The Partition of India was an ugly chapter of the British empire. Now as the 70th anniversary nears, Sarah Freeman meets the Bradford women giving voice to an untold story. Main pictures by Simon Hulme.
Hmida Butt was just 12 years old in the summer of 1947 when the Partition of India was hurried through in a matter of weeks. A year later she was married – as the biggest refugee crisis the world had ever seen played out with inevitable bloody violence, like many her parents hoped that a hastily arranged marriage might just keep their teenage daughter safe.
“There were so many reports of young girls being kidnapped and raped,” says Hmida, who in the 1970s following the death of her husband ended up making a new life in Bradford with her five children. “I had grown up in a village. It was very peaceful, but then violence started and for many there was no real escape.
“Hindus, Sikhs, Muslims … we had all lived side by side without any problems, but then Partition happened and everything changed. When one person or family was attacked, another wanted revenge. There didn’t seem any way of stopping it.”
Seventy years on the scars of Partition still run deep. Marking the end of British colonial rule the idea of creating two new countries – Hindu-dominated but largely secular India and the Muslim state of Pakistan – had much ground support, but its handling by a group of civil servants couldn’t have been worse.
While some doubt that two years will be enough for Britain to successfully extricate itself from the EU, the Partition of India makes Brexit look like a masterclass in diplomatic negotiations.
While the handover of power had initially been scheduled for the summer of 1948 it was brought forward by a year on the whim of the last viceroy Lord Louis Mountbatten, who took just three weeks to declare the new border known as the Radcliffe Line up and running.
With no time to absorb the change, overnight Muslim and Hindu families found themselves on the wrong side of the division. It’s hard to be precise, but in the years that followed 14 million were made homeless and estimates for those who lost their lives in the outbreak of violence and persecution which followed range from a few hundred thousand to half a million.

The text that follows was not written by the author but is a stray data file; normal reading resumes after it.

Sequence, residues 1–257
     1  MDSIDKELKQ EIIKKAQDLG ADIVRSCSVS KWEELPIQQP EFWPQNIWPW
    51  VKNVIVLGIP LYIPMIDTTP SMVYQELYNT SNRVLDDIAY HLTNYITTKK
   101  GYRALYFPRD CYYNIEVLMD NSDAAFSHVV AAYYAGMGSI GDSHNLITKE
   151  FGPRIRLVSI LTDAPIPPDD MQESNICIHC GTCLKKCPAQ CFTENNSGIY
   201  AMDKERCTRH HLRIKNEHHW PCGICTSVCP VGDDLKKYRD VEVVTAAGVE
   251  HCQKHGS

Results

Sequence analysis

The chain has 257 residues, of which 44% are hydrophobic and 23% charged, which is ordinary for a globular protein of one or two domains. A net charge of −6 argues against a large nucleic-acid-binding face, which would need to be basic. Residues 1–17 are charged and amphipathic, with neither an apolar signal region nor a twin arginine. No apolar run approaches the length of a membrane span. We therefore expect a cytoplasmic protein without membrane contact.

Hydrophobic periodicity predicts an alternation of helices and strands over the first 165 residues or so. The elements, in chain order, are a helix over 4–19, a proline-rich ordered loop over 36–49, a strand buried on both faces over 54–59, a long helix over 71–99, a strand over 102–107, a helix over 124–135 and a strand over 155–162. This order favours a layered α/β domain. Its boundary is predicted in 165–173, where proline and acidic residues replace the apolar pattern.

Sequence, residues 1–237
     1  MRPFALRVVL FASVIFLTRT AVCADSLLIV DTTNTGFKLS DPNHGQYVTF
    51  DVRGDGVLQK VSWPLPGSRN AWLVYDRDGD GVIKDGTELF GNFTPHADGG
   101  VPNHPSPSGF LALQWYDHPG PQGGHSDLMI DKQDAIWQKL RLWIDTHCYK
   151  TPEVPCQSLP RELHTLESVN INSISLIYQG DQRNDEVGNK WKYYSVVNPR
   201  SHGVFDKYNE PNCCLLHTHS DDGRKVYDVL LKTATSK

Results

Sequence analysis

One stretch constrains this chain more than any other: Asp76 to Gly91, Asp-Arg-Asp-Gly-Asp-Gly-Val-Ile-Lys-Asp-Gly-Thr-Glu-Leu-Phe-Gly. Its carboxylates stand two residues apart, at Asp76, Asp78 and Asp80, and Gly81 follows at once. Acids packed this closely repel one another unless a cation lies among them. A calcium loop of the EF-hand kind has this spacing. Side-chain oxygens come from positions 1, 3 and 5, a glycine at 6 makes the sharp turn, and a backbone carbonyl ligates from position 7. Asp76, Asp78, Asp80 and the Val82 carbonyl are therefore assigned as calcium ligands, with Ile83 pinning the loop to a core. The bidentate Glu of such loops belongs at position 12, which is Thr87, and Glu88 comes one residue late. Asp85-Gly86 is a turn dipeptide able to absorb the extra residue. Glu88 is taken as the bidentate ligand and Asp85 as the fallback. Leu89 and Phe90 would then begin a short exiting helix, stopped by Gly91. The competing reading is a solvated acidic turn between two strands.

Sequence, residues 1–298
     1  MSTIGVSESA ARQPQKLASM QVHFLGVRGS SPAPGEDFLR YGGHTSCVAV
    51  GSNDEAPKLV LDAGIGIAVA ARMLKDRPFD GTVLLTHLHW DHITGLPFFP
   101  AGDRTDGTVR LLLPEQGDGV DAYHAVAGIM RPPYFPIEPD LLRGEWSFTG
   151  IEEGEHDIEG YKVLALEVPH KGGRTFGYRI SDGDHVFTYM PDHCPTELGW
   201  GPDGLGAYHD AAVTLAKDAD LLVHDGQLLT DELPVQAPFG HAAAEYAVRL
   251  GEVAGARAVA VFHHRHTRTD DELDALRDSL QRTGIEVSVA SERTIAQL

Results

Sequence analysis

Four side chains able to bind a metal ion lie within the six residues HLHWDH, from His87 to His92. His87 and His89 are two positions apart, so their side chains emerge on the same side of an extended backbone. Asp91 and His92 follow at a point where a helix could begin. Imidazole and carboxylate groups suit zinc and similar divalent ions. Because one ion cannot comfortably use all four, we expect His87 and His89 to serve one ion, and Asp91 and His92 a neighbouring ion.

And yet it’s a period in history which rarely makes it onto the school syllabus and which even those in the South Asian community who later migrated to Britain rarely talk about.
“Understandably it is still a contentious issue, but with the 70th anniversary approaching that’s why we wanted to create an exhibition,” says Samayya Afzal, diversity development officer at the Peace Museum in Bradford which has launched the Peace After Partition project to explore the events of seven decades ago.
“For many of those who grew up in the shadow of Partition and who are now in their 70s, 80s and 90s the event shaped their lives, but often it was something that their parents and grandparents didn’t or couldn’t talk about.
“It changed the entire subcontinent and the speed at which Partition happened took everyone by surprise. While the new border had been drawn no one had really thought about what would happen next. All of sudden India and Pakistan became hugely territorial. Those from minority communities on either side faced very real danger and we thought it was important that we tell that story.”
Having lit the spark for one of the biggest refugee crises the world had ever seen and as mass violence engulfed cities across India, Pakistan and Bangladesh, the British civil servants were already on their way home.
In the years and decades that followed families tried to establish new roots and forge a new life, but many never enjoyed the stability they’d had before.